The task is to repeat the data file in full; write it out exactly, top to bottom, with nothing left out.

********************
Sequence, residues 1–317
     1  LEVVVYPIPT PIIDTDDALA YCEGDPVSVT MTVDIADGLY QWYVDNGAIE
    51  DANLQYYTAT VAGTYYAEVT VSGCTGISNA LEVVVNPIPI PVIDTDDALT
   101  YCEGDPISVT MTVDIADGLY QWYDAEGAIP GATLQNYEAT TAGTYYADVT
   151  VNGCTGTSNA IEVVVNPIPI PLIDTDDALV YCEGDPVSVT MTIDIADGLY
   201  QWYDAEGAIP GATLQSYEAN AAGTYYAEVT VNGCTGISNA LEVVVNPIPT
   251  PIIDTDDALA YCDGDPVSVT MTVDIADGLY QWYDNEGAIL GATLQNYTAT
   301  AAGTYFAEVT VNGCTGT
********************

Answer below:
Sequence, residues 1–317
     1  LEVVVYPIPT PIIDTDDALA YCEGDPVSVT MTVDIADGLY QWYVDNGAIE
    51  DANLQYYTAT VAGTYYAEVT VSGCTGISNA LEVVVNPIPI PVIDTDDALT
   101  YCEGDPISVT MTVDIADGLY QWYDAEGAIP GATLQNYEAT TAGTYYADVT
   151  VNGCTGTSNA IEVVVNPIPI PLIDTDDALV YCEGDPVSVT MTIDIADGLY
   201  QWYDAEGAIP GATLQSYEAN AAGTYYAEVT VNGCTGISNA LEVVVNPIPT
   251  PIIDTDDALA YCDGDPVSVT MTVDIADGLY QWYDNEGAIL GATLQNYTAT
   301  AAGTYFAEVT VNGCTGT